As Eurostar announces a new direct train to Amsterdam – a city celebrated for its art, culture and coffee houses not to mention its legendary tolerance and pragmatism – TNT shares how to spend a weekend in the delightful Dutch capital
On yer bike
Amsterdam is a city of 750,000 people and 600,000 bicycles – undoubtedly the best way to explore and enjoy this refreshingly compact city. One caveat: before you clamber on your bike, be warned that the Dutch are aggressive cyclists. Stay safe by sticking to the designated cycle lanes and ring your bell loudly, when nec-essary, to warn others of your imminent approach.
Pay your respects to the amazing Anne Frank
Open every day from 9am-10pm (April-Oct) and 9am-7pm (Nov-March) and visited by more than one million people a year, the Anne Frank House is where the legendary Jewish girl, and her family, hid in a bid way to escape the Nazis before being mysteriously betrayed to the Gestapo in August 1944. Anne’s father, Otto, was the only member of the Frank family to survive and after the war he published his daughter’s diary which today has been translated into 60 languages. Tickets can be booked two months in advance for timed entry between 9am and 3.30pm. Not that organized? Tickets are available on the door after 3.30pm.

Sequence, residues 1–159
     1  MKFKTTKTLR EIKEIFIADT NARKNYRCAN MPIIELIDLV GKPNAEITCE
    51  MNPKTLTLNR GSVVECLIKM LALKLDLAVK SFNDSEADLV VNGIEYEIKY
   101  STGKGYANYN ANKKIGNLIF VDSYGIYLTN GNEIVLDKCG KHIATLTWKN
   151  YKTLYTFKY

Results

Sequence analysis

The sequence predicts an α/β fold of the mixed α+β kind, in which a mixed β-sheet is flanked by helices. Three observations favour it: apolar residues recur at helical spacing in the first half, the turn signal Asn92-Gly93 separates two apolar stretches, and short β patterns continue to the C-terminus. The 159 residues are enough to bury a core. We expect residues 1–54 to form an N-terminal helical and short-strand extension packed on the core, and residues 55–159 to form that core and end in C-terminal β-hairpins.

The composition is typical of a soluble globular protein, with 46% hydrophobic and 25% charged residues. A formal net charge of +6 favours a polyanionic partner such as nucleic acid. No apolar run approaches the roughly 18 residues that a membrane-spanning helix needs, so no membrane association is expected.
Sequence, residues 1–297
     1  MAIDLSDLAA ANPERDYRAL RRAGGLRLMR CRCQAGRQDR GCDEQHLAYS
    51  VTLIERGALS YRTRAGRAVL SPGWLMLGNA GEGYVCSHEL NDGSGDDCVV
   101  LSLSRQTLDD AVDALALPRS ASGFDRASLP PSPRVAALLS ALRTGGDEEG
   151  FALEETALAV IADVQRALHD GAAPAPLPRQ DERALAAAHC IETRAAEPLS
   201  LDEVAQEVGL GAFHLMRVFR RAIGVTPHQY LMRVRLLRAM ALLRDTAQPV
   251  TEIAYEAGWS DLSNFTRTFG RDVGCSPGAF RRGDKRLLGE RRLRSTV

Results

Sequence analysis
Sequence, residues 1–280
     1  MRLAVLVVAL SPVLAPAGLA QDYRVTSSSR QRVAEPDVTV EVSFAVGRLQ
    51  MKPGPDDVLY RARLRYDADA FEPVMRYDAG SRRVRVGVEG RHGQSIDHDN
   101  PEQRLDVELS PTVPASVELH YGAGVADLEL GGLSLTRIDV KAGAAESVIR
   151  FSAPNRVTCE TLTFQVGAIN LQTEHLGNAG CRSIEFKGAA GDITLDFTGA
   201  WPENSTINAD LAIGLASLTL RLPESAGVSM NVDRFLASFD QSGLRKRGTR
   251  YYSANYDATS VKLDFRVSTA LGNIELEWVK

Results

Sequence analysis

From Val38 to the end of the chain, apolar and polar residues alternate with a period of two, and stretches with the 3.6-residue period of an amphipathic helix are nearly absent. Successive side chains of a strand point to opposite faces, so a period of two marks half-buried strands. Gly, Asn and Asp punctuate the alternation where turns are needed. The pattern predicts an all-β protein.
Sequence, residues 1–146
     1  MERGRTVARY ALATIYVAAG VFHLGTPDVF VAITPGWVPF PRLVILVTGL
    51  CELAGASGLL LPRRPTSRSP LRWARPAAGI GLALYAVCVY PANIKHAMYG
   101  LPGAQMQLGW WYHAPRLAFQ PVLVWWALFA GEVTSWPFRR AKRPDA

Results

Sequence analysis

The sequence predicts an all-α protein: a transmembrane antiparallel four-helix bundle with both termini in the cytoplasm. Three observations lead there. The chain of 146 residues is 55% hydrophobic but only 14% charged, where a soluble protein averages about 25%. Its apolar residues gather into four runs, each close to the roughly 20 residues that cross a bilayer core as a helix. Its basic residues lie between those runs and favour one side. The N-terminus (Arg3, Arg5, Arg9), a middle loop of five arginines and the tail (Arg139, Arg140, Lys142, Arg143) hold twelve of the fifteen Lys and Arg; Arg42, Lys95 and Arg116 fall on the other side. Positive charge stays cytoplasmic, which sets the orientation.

Red Light District (RLD)
No visit to Amsterdam is complete without a wander around the infamous Red Light District (RLD) where tourists are juxtaposed alongside drug dealers, pimps and yes, prostitutes. The ‘girls’ pay around 60 to 100 euro a day to rent their window and typically charge 50 euro for a 15-minute encounter. Strange but true: only five percent of the women working in the red-light district were born in Holland - the lion’s share of the prostitutes hail from Eastern Europe, with randy Brits accounting for 40 per cent of their ‘business’.